November 14th, 2005



An early dog walker passes, braving the chilly pre-dawn air. I've been out listening for the birds to return, in hope that if they should, there might be enough light by which to see them. Last night I heard them flying north. Though the moon was nearly full and the sky clear, and they flew quite low, the light was insufficient to expose them to view. Their calls, though, were clear and raucous. They were some species of waterfowl, and they must have been heading for the mountain lakes to do some night fishing in the bright moonlight. When they had passed from earshot, the night was still, and I realized that the last cricket was not chirping, even though the evening was fairly mild. The persistent orthopteroid may at last have succumbed to age or to the advancing year. Of course, he has on recent occasions been silent for to or three nights in succession and then returned to surprise me. I've enjoyed hearing the lingering voice of vanished summer. If it is finally gone, I'll miss it.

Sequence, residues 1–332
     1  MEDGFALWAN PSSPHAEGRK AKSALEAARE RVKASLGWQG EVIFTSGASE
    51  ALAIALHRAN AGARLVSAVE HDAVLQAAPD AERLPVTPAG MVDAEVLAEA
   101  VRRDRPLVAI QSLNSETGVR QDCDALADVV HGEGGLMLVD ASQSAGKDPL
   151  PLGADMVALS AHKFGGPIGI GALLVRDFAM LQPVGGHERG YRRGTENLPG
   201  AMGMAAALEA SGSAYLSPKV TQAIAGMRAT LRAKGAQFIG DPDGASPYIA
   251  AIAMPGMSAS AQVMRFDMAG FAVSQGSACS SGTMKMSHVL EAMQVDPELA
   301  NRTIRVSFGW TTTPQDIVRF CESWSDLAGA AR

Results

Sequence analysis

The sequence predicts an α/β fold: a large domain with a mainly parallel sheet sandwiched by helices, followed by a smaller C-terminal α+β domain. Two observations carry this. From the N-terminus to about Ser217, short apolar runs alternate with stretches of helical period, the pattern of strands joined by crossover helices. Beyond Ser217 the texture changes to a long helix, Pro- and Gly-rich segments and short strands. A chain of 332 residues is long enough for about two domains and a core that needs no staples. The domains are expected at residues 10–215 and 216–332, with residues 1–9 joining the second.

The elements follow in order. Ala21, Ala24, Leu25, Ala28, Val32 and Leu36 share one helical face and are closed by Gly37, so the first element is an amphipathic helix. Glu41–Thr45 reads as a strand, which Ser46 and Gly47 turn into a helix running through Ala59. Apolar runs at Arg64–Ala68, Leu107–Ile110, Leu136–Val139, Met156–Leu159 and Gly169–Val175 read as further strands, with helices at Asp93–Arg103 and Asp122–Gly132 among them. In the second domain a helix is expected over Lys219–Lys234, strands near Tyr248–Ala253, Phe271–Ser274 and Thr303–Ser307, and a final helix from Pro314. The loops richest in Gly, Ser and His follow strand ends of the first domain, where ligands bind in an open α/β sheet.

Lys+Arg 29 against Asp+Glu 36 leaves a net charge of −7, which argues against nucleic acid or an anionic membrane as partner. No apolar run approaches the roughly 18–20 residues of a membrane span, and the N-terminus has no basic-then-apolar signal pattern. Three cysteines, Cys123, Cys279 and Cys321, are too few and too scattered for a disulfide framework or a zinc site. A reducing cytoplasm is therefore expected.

The cricket lives! He only chirped for about twenty minutes, and then a stiff breeze rose and his song was drowned out by the sound of rustling and skittering leaves. By the time the the wind had ceased, he had fallen silent. The afternoon was uncommonly balmy, but the night will cool rapidly. The moon is almost full, and is crowding so close to Mars that the red planet has been all but drained of its color, so that at a glance it appears to be an ordinary blue-white star. I had to stare at it for a minute to see the faint pinkness. But so high and bright is the moon that Mars is the only other light to be seen at all in that section of the sky. A few scattered stars are visible in the west, but even they are dimmed.

It isn't helping that the porch light of the long-vacant house next door is lit. I'm sure that someone has moved in at last. I haven't seen any furniture moved in (it might have happened gradually, over the last couple of weeks, during hours that I was sleeping), but there is a car parked in the driveway. The porch light burned all last night, too. So far, there hasn't been much noise coming from the place, but I find the light annoying. It will be even more annoying once the mulberry tree has lost all its foliage, and quite destructive of the nocturnal atmosphere on moonless nights. At least there's no yappy dog. Not yet, anyway. Well, it was a nice few years of neighborlessness. Nothing good lasts forever.